The Environmental Science and Studies major is a two-track (science and studies) interdisciplinary program rooted in the natural and social sciences and designed to provide students with an understanding and application of the integration of multiple disciplines in solving complex problems arising at the interface of human existence with the rest of the natural world. Environmental Science and Studies Majors are prepared to enter careers in fields such as conservation of natural resources, environmental science, environmental law, renewable energies, urban planning and environmental policy. Students engage in interactive seminars, either conduct independent research under the guidance of a faculty member or participate in an appropriate internship and are encouraged to take advantage of field biology May Term courses. A minor in environmental studies is also available.
Core plus 10 course credits:
- BI 151 Biology I: Ecosystems, Cells, and Evolution
- BI 152 Biology II: Phylogeny, Structure, and Function
- BI 209 Ecology
- BI 211 Genetics
- BI 455 Methods of Biological Research
- BI 456 Student-Originated Research
- CH 114 Principles of Chemistry II
- CH 190 Environmental Chemistry
- CH 205 Introductory Organic Chemistry or
- CH 217 Analytical Chemistry
One course credit from:
- BA 418 Sustainable Economics and Finance or
- EC 418 Sustainable Economics and Finance
- EC 118 Principles of Microeconomics
- EC 295 Special Topics (Only topics approved by EPC.)
One field biology course credit from:
- BI 206 Ecology of Guyana I and
- BI 216 Ecology of Guyana II
- BI 207 Vertebrate Ecology of the Prairie
- BI 208 Island Ecology
- BI 295 Special Topics (Only topics approved by EPC.)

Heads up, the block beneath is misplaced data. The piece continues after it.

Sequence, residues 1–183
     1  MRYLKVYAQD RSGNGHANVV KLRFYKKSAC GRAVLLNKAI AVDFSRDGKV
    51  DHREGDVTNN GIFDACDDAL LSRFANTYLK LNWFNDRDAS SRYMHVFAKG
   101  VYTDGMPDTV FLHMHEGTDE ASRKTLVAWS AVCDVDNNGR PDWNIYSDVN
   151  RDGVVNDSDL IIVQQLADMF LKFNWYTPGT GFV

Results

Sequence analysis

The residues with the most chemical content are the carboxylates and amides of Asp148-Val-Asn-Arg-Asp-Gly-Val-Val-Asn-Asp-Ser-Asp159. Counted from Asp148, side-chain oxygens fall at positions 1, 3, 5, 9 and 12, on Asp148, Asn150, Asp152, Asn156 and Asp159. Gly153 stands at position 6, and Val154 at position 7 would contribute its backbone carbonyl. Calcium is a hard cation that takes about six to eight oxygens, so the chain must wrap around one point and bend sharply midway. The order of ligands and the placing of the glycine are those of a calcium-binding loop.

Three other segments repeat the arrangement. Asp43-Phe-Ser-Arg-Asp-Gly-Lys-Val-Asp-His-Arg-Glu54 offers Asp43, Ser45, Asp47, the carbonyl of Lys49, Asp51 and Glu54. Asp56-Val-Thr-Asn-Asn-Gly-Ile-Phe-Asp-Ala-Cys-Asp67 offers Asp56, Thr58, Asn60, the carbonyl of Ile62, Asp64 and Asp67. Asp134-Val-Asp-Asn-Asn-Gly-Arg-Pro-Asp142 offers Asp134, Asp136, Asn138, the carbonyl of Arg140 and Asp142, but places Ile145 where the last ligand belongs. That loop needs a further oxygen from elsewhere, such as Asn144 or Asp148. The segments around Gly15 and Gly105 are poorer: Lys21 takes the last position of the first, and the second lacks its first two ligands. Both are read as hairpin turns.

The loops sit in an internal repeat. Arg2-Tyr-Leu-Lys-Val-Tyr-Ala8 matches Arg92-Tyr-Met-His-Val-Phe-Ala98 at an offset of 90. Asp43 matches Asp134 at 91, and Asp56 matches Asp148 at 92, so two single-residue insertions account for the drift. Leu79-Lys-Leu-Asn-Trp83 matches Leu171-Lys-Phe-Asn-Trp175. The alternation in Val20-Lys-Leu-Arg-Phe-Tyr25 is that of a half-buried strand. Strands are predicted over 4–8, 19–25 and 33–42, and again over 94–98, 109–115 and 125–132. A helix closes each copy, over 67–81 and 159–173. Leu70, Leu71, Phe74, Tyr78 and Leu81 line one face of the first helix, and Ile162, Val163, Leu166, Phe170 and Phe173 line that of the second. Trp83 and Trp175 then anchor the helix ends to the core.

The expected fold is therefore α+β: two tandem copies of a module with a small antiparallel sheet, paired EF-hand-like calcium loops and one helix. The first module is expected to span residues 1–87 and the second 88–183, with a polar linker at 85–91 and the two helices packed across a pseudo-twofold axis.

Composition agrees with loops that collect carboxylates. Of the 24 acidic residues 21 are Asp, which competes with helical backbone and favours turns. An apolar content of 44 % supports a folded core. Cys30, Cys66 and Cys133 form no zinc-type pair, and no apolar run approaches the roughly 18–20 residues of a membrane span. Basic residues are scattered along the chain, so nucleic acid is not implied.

- BI 315 Ornithology
- BI 320 Aquatic Biology
- BI 325 Behavioral Ecology
Undergraduate research is an inquiry or investigation conducted by an undergraduate student that makes an intellectual or creative contribution to the discipline. Funding is available for students to engage in research and travel to conferences to present their research. Wartburg College Undergraduate Research (W.C.U.R.) provides resources for faculty working with students as well as conference listings and publications that accept student submissions.
Why participate in undergraduate research?
Wartburg students work closely with a faculty mentor. Undergraduate research enhances students' understanding and knowledge of their chosen academic field. Research helps students clarify their academic, career, and personal interests. Students gain academic credentials that help expand their resume by presenting at conferences or working on a research team. Wartburg students learn skills in communication (written and oral), critical thinking, problem-solving, teamwork, and time management.
About the School
The liberal arts education you will receive at Wartburg allows you to not only gain the skills required from your chosen field of study, but also the critical thinking skills required to explore the e ... Read More